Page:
Human fecal matter is routinely encountered in forensic casework; for example, sexual homicides where the assailant defecates on/near the body, and sodomy cases where the suspect's penis or a foreign object is later sampled. Additionally, blood or semen stains can be found mixed with fecal matter, and the presence of fecal matter in these stains can prevent DNA analysis. Identifying the source of the fecal matter could link the assailant and victim. In this study, nuclear DNA was extracted from human fecal matter using the QIAGEN QIAamp® Stool Mini Kit, and evaluated against a standard phenol-chloroform extraction procedure. This extracted DNA was then amplified and typed using the PE Applied Biosystems AmpFlSTR Profiler Plus and COfiler kits, and the ABI Prism 310 Genetic Analyzer. Fecal specimens were then subjected to various environmental conditions and sampling methods - specimens were either processed immediately as fresh samples, or under the following environmental conditions: water immersion for two hours; air dried for one week; frozen for one week and processed with or without thawing. Two sampling methods were evaluated: swabbing vs. excision. This extracted DNA was then carried through amplification and typing procedures.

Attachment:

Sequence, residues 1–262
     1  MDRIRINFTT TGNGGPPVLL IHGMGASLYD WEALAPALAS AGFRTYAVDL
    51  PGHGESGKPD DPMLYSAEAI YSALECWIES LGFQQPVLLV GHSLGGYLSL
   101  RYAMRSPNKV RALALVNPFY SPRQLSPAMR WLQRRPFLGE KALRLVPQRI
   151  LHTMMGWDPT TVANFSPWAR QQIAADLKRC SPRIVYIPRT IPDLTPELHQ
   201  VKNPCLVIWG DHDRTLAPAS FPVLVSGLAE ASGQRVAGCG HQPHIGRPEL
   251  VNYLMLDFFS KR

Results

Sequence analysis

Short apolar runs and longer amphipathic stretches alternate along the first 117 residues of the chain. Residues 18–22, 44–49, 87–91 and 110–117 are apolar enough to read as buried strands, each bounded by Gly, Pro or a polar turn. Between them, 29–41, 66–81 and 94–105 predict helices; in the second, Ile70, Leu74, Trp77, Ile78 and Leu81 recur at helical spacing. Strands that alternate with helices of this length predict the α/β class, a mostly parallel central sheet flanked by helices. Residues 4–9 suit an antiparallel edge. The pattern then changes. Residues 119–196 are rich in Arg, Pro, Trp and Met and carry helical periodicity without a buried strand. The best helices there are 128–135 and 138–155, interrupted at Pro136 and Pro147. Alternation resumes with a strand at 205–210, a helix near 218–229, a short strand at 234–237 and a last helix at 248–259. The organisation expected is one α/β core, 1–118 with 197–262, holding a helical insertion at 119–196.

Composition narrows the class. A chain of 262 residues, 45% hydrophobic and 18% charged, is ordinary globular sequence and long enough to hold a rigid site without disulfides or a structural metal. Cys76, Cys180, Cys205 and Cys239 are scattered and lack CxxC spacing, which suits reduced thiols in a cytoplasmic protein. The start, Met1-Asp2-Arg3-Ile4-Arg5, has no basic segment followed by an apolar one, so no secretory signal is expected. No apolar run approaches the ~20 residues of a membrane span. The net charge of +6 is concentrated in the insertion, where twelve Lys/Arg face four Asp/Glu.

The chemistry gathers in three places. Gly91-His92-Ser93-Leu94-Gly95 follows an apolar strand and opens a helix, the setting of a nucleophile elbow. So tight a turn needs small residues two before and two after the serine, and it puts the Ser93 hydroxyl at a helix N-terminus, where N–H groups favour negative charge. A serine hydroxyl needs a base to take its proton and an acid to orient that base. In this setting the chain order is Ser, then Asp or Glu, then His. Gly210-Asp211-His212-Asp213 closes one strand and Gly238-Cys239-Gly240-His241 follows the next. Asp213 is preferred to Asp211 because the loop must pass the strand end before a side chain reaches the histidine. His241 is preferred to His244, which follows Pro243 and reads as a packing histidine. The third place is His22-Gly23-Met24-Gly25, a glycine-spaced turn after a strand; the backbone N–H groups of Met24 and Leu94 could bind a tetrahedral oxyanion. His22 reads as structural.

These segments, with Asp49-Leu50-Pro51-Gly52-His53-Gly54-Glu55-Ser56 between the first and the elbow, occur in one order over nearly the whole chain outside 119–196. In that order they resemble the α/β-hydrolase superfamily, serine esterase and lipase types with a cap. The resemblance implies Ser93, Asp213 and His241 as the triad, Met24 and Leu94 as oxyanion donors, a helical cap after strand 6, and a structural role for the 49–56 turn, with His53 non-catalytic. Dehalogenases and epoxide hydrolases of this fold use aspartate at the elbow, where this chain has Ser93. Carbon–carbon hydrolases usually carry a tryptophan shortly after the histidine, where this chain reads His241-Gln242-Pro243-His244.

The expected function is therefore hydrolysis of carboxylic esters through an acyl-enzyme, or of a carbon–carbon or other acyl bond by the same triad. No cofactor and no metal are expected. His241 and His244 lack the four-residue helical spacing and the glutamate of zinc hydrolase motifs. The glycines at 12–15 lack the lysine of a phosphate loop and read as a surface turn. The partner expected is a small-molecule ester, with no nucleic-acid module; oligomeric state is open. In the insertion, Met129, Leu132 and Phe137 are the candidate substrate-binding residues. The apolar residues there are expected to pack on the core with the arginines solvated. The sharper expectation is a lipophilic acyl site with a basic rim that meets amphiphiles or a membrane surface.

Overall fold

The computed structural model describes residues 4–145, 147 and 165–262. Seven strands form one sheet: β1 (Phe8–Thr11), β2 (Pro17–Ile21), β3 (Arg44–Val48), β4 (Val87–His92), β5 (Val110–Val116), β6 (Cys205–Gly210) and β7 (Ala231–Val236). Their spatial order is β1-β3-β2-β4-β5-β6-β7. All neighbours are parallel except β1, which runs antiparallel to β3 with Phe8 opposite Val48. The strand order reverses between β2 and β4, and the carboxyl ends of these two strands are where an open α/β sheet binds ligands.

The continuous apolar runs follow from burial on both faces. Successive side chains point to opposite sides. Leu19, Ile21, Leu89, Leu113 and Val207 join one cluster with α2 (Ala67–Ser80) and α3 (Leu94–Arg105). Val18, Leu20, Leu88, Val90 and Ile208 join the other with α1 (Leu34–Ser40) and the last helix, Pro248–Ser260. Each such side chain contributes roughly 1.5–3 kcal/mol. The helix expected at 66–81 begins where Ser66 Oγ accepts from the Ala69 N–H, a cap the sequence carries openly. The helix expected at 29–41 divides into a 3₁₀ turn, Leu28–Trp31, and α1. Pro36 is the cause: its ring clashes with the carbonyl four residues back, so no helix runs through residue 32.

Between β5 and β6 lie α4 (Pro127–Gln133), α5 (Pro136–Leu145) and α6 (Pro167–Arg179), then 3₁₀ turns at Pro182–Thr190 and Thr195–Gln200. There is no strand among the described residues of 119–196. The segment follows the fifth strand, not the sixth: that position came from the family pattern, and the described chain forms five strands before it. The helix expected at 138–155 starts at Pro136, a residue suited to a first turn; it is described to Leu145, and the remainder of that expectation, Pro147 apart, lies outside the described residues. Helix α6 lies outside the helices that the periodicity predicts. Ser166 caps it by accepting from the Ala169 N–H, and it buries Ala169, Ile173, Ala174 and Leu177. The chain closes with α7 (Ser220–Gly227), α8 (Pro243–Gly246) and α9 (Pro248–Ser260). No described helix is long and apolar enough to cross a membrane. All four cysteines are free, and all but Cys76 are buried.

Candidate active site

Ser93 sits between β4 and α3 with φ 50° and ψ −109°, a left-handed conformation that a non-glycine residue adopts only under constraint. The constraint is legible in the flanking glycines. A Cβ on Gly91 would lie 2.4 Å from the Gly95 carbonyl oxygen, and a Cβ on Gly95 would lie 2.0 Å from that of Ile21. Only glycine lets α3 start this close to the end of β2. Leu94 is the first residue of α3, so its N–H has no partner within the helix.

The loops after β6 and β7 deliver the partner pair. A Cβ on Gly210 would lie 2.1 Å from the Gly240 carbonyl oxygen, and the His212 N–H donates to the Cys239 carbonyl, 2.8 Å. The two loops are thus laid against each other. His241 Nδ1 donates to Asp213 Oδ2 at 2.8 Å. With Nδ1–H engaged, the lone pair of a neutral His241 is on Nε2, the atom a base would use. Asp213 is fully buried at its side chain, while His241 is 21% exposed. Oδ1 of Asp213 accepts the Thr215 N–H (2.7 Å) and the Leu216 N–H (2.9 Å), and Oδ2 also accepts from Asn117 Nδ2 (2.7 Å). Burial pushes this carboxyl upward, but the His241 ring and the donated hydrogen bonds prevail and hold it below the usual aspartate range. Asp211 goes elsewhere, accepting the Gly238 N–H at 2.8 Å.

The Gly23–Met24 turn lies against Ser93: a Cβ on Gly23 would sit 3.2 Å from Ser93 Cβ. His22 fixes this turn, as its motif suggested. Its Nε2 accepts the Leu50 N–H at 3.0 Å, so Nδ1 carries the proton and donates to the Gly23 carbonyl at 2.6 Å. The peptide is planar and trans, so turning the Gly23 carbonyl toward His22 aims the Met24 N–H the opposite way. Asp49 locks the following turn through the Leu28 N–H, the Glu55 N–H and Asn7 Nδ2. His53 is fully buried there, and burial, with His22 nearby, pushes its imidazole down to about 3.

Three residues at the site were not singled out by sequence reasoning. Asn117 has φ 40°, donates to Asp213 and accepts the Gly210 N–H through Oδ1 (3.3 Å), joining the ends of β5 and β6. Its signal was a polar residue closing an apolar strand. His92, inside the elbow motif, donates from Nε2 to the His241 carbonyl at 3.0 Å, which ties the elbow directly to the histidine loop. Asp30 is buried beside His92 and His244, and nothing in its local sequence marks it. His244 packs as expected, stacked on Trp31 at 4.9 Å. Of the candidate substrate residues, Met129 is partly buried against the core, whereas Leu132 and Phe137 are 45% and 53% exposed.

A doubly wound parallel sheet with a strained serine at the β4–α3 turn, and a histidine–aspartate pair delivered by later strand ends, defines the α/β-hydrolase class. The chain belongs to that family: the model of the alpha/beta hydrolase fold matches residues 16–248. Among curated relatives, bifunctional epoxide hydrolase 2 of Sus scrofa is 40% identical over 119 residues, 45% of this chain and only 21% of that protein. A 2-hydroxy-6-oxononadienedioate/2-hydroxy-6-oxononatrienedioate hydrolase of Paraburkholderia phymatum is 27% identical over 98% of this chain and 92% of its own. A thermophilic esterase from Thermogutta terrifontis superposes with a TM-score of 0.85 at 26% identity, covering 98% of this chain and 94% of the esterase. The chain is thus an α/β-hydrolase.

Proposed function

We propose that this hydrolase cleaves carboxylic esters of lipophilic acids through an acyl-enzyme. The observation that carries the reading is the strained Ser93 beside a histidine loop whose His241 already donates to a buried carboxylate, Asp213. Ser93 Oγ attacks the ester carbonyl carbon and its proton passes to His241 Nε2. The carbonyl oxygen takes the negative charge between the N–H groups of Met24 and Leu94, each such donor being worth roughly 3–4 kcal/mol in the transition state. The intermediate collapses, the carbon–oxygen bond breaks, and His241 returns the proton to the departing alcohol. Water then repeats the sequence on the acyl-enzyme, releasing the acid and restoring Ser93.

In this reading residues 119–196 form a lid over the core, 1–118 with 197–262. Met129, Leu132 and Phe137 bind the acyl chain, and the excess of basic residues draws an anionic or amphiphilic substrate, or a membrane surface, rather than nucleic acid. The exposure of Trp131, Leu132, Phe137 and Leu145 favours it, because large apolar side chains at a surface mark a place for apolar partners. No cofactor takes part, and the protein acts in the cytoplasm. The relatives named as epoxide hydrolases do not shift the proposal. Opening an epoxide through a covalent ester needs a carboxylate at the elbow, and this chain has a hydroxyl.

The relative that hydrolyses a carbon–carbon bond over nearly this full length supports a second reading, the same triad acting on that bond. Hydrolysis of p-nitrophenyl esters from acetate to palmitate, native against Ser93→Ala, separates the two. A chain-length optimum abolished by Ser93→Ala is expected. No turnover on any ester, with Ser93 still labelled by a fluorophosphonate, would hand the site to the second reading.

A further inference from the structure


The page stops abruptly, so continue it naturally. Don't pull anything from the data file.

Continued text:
Lawrence Quarino, Ph.D. - New York Office of Chief Medical Examiner Department of Forensic Biology; California State University, Los Angeles Department of Criminal Justice